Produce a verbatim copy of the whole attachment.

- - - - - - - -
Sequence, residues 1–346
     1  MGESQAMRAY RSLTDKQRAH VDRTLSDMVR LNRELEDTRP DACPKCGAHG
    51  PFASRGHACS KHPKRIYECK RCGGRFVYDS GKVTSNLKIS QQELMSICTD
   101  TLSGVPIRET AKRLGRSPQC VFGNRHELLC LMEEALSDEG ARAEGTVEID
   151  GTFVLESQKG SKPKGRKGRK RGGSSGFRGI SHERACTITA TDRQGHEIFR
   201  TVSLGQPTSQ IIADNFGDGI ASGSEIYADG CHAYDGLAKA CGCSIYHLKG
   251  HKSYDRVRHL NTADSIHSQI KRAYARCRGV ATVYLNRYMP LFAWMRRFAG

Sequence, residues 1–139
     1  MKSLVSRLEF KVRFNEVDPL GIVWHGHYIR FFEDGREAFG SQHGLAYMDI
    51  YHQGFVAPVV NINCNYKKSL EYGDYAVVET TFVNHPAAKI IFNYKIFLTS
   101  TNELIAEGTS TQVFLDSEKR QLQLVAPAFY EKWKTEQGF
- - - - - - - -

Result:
Sequence, residues 1–346
     1  MGESQAMRAY RSLTDKQRAH VDRTLSDMVR LNRELEDTRP DACPKCGAHG
    51  PFASRGHACS KHPKRIYECK RCGGRFVYDS GKVTSNLKIS QQELMSICTD
   101  TLSGVPIRET AKRLGRSPQC VFGNRHELLC LMEEALSDEG ARAEGTVEID
   151  GTFVLESQKG SKPKGRKGRK RGGSSGFRGI SHERACTITA TDRQGHEIFR
   201  TVSLGQPTSQ IIADNFGDGI ASGSEIYADG CHAYDGLAKA CGCSIYHLKG
   251  HKSYDRVRHL NTADSIHSQI KRAYARCRGV ATVYLNRYMP LFAWMRRFAG

Sequence, residues 1–139
     1  MKSLVSRLEF KVRFNEVDPL GIVWHGHYIR FFEDGREAFG SQHGLAYMDI
    51  YHQGFVAPVV NINCNYKKSL EYGDYAVVET TFVNHPAAKI IFNYKIFLTS
   101  TNELIAEGTS TQVFLDSEKR QLQLVAPAFY EKWKTEQGF